Camera is published in paperback in Apri1 2002.
ISBN: 0-19-280302-6. Price £10-99 in UK, $16-95 in USA.
The hardback is now out of print.
the reviews of the hardback:
Williams, Art Review December/January 2001
is a book review. As such it may be quite commonplace. Its subject,
however, is exceptional. Hardly anyone writing about Vermeer during
the past 50 years has offered any authentic information about his working
methods. Not many art scholars can paint and so cannot write about the
actual process. To make matters worse, scholars have also neglected,
over the last 20 years, Philip Steadman's astonishing reconstructions
of Vermeer's painting room and camera obscura.
major work, Vermeer's Camera, is to be published by Oxford University
Press next month, after many years in preparation. Its intelligence
is massive. The bibliography references which it abundantly contains
give the serious student, in unusually clear language, all the information
needed for meaningful research. The many pages of diagrams demonstrating
exactly how Vermeer used the camera are, for the more general reader,
the most cogent and absorbing I've ever seen. Not least because of a
widespread refusal to recognize the importance, and sometimes even the
existence, of Vermeer's camera obscura, this book, while of considerable
scientific importance, is of salient and paradigmatic art-historical
Whitford, Sunday Times, 25th February 2001
Steadman] "so persuasively makes the case for the camera obscura
that, were he transferred from his chair at University College London
to Gray's Inn, his record as an advocate would eclipse the late George
Carman's. Steadman makes plans, elevations and projections of Vermeer's
compositions. He reconstructs scale models of paintings and then takes
colour photographs of them that look uncannily like the originals. Years
ago (for this research has been progressing for decades) he even persuaded
the BBC to re-create and film the room in Vermeer's The Music Lesson
(c1662- 4), with the woman at the virginals played by a static Carol
measures the originals of the maps in Vermeer's paintings so as to establish
a scale. He researches the size of standard Dutch bricks of the time,
using it as an additional aid to the measurement of everything else.
He concludes that not only are the dimensions of the rooms shown in
Vermeer's interiors very similar, so are the floor tiles, the ceilings
and the leaded windows. He then decides that at least a dozen of Vermeer's
best-known pictures are set in one and the same room. Take it from me:
this is really something.
And it's all set out as compellingly as any classic closed-room mystery.
Indeed, this book is a kind of corpseless closed-room mystery itself,
since Steadman dramatically demonstrates that Vermeer's camera was nothing
less than a room within a room, a darkened cubicle large enough for
the artist to sit in apart from the carefully staged scene he was painting.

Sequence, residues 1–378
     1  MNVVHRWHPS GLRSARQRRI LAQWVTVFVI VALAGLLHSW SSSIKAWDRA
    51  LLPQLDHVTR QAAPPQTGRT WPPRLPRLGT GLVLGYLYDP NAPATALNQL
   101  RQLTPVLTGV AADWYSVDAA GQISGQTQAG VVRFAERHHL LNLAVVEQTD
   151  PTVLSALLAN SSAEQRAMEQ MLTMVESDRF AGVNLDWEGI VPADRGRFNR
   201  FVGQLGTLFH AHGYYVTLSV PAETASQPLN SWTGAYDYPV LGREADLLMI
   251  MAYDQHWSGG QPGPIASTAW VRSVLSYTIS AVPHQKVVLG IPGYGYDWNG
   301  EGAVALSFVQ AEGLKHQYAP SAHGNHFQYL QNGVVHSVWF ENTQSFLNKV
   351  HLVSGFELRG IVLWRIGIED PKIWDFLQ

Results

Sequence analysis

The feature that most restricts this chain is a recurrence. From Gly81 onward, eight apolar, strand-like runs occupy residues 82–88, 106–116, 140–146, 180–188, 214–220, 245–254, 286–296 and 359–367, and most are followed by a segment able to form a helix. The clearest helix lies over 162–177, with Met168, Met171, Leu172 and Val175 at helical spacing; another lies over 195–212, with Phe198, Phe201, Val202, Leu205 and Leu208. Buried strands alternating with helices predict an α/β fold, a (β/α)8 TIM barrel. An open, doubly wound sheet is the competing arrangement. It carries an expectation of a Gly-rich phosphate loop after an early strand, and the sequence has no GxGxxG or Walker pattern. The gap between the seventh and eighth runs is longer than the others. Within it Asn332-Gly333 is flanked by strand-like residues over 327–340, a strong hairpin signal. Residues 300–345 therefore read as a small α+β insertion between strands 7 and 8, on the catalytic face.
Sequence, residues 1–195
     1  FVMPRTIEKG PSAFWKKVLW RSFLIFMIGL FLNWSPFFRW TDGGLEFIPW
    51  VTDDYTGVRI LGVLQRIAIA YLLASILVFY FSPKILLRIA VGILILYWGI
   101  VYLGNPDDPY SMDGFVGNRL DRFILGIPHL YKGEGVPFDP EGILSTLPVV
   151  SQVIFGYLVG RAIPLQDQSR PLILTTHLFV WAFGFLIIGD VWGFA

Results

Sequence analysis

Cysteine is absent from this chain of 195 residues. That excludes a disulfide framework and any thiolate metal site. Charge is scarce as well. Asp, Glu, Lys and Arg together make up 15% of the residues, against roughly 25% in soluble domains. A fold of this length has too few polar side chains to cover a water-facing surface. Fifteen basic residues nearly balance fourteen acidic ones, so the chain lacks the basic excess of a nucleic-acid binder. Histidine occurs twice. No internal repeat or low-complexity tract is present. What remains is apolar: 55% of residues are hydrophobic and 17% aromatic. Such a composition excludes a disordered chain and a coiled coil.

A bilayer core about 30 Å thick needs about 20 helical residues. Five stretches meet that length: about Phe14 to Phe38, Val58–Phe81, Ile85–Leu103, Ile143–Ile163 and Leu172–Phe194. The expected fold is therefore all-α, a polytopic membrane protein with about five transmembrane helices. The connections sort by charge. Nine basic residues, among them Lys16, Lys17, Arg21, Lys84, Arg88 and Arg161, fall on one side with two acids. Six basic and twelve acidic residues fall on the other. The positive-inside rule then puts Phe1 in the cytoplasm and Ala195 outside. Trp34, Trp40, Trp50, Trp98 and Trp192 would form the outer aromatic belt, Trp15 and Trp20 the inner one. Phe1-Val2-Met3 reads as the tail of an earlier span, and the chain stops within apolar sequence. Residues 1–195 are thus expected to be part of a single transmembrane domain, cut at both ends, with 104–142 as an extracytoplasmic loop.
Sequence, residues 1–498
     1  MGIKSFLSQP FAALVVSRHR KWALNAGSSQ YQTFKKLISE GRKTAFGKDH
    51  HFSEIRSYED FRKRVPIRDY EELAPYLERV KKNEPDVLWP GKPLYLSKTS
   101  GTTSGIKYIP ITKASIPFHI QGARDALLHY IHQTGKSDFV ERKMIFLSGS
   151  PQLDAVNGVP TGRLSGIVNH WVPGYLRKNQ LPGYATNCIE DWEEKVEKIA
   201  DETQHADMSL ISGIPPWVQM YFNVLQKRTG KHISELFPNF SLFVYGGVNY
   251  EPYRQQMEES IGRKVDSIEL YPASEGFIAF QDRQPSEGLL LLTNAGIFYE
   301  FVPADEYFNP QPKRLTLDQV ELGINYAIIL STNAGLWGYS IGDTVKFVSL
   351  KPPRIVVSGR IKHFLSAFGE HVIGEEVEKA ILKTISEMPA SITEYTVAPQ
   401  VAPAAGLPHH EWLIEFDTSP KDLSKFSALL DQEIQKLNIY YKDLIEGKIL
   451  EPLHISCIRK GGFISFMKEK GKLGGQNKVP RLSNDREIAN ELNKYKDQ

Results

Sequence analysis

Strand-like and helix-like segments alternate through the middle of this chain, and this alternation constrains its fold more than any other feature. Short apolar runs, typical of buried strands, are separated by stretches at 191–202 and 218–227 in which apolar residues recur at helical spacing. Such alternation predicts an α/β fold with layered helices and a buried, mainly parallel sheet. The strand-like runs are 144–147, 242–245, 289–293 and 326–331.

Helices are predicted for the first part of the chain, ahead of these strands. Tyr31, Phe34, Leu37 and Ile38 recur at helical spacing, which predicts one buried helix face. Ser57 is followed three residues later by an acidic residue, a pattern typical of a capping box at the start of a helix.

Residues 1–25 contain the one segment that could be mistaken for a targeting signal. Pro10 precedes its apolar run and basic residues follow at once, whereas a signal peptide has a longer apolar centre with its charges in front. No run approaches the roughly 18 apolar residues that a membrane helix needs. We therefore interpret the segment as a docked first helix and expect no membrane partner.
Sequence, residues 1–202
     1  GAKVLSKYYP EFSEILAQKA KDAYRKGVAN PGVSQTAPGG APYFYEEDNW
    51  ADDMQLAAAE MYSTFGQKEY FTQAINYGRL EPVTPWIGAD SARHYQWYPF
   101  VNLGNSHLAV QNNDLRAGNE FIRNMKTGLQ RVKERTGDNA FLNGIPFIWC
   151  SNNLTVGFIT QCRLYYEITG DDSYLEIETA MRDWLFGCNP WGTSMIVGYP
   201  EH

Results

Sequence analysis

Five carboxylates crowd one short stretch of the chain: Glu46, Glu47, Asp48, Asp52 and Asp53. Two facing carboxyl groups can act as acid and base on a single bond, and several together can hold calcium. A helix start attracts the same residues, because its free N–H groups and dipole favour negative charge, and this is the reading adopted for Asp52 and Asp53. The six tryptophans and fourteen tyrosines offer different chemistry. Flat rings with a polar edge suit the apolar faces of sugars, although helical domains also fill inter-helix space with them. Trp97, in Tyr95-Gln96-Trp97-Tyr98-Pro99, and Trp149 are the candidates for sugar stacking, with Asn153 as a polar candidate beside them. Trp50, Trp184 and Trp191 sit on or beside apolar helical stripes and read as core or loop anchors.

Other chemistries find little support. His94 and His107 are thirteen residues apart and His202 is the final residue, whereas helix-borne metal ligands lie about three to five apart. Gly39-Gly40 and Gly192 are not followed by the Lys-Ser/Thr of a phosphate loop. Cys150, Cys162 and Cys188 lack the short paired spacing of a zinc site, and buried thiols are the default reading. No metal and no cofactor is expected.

Steadman even claims to catch a glimpse of this same phantom cubicle
reflected in the glass ball hanging from the ceiling in The Allegory
of Faith (after 1671-74). It's a moment as exciting as the denouement
in Josephine Tey's The Franchise Affair."
Sewell, Evening Standard, 19th March 2001
is a necessary book. It does not reduce to dust all others on Vermeer
and one might argue that it merely tidies away a minor mystery - but
it does more than that, for it is, as it were, an introductory history
of the camera obscura long before it was used and perhaps perfected
by or for Vermeer, opening our eyes to its wide spread in his day. Written
in clear and simple terms, illustrated with diagrams that even the purblind
idiot can comprehend, this is exegesis at its most intelligent; at last
we understand what some had always instinctively suspected and maintained
- that both the manifest distortions of Vermeer's interior spaces and
his dextrous use of minute blobs of paint as highlights where we hardly
expect them were commanded by ground glass lenses and the camera."
Read full review >>
Gee, New Statesman, 16th Apri12001
an idealised notion of Delft itself draws us in, an imagined place of
intimate human meaning that precedes machines. If so, Philip Steadman's
ingenious Vermeer's Camera will come as a rude shock. Steadman
argues that Vermeer's uniquely accurate perspective stems from the painter's
use of that 15th-century mechanical invention, the camera obscura. In
his account, it was probably a large booth at the back of the room,
big enough for the painter to sit inside, with a pinhole and lens through
which the scene was projected on to a flat surface for tracing. He adduces
the extraordinary coherence of the canvases, whose actual sizes correspond
closely to the image that would have been obtained on the back wall
of the room if a camera obscura had been used, and also cites Vermeer's
use of "photographic" effects, such as varying sharpness of
Schwartz, New York Review of Books, 31st May 2001
Joint review of Vermeer's Camera with Anthony Bailey, Vermeer:
A View of Delft and Walter Liedtke et al, Vermeer and the Delft
School, catalogue of an exhibition at the Metropolitan Museum of
Art, New York and the National Gallery, London.
the three new approaches to the painter, Philip Steadman's Vermeer's
Camera is the most vivid and impressive. It doesn't answer every
question about Vermeer; it's not nearly as comprehensive as Liedtke's
art-historical surveyor Bailey's biography. In its chief thesis, that
Vermeer used an optical device, a camera obscura, to make his paintings,
it may even be dead wrong. Yet reading about how Vermeer might have
used such an aid presents, at least in Steadman's telling, an experience
that is closer to how we absorb the painter's intense, spooky, and perfectionistic
work than Liedtke's or Bailey's accounts. It's only in Steadman's presentation
that I felt I came close to Vermeer himself...
Vermeer might have used a camera obscura is not a new surmise. From
the 1860s, when he first became known outside Holland, writers referred
to the "photographic" quality of his pictures. Lawrence Gowing,